IT is the unsung hero of the remote work revolution

IT is the unsung hero of the remote work revolution

Jeff Shiner by Jeff Shiner on

We’ve spoken a lot lately about our experiences as a remote-first company and hope they’ve been useful to others making the change. Today I want to take a different tack, and provide an outward look at how companies are adapting to the sudden changes thrust upon them by COVID-19.

In recent weeks, we’ve been polling knowledge workers in the United States to find out how the opportunities and challenges of remote work are affecting companies and their employees.

The picture that emerges illustrates not only the mammoth scale of the change, but also the pivotal role that IT is playing in enabling it. That’s IT both in terms of the technology itself, and the professionals that make IT happen. In this post, I want to share some of the highlights from what we’ve discovered, and talk about the heroic efforts that we’re seeing in IT departments in businesses everywhere.

Though we’ve only spoken with workers in the United States, we’ve no reason to think the picture isn’t representative for businesses around the world.

Before we dig deeper into the results, I do just want to highlight a couple of particularly telling stats:

  • 89% of respondents had no criticism of their company’s IT team. Given the scale of the upheaval, that’s a remarkable testament to the incredible work IT teams are doing.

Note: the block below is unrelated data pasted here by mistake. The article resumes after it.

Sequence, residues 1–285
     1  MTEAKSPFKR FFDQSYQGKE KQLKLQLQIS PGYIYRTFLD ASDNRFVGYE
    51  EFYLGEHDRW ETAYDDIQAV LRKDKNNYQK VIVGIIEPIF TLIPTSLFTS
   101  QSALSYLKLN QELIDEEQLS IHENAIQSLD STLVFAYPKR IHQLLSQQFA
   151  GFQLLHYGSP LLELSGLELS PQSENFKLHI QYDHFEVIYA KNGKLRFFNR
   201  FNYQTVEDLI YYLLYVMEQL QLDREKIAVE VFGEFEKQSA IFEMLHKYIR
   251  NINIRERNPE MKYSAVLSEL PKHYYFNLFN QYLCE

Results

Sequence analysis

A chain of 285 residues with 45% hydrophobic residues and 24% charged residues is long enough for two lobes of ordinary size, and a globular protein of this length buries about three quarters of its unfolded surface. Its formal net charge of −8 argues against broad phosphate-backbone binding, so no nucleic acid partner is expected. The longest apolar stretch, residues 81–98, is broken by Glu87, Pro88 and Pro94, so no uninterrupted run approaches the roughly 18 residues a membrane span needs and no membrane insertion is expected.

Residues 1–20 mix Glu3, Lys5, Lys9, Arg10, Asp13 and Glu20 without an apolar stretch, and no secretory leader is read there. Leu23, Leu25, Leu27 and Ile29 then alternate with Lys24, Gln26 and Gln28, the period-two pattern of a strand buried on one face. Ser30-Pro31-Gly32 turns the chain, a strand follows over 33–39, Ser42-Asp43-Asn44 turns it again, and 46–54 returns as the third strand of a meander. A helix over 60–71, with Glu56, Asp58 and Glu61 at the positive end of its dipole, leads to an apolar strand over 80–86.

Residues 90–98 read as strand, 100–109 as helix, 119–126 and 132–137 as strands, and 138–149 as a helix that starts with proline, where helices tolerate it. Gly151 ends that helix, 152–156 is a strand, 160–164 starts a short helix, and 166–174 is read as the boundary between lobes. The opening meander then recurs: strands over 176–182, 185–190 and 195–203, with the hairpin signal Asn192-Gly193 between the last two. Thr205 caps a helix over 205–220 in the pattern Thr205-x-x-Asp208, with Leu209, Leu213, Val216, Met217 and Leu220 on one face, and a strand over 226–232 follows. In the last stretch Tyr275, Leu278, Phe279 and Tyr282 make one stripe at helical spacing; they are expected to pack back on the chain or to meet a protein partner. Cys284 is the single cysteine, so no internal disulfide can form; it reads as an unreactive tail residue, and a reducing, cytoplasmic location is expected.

• 68% of respondents prefer working from home either some or all of the time. And a large shift is also underway in terms of attitude, with a significant majority becoming happier with the idea of remote working.

A gigantic upheaval

Between April 15 and 23, we surveyed 1,000 desk-based knowledge workers in the United States, and the results show just how colossal the shift to remote working has been. Half of those surveyed were IT professionals. An enormous 89% of respondents have newly made the shift to remote work. “Revolution” may sound like hyperbole, but I think it’s justified when we look at the scale of what’s happening for the millions of workers who use computers for their day-to-day job.

Have you recently transitioned to remote work?

The results also speak to the massive transition those companies have made. Only 27% of respondents thought their company was completely prepared for the move, leaving a large majority that had to do some figuring out. That said, only 13% of respondents thought their company wasn’t at all prepared, suggesting that the vast majority of companies were already working in remote-friendly ways to some extent.

I’d love to learn more about the ways people think their companies were or weren’t prepared. Few could have predicted a COVID-19-like event. If some companies were more prepared than others, my bet is that it’s down to the flexibility granted by forward-thinking IT planning and policy. More than ever, we’re reliant on cloud-hosted or -connected services more than standalone software. Clearly, though, some have gone farther on that journey than others. Those CTOs and technology leaders should take a bow right now.

It’s ironic that, of the companies with a historical objection to the idea of remote working, many will have been gradually preparing for it all the same, simply by virtue of keeping up with trends in technology. The more you use tools and processes that work anywhere, the easier remote working becomes if and when you do it. Much of the infrastructure for remote work was already in place – where people sit is merely the last piece of the puzzle.

In short, recent events have seen a massive acceleration of a shift that was already well under way.

The IT challenge is huge – and complex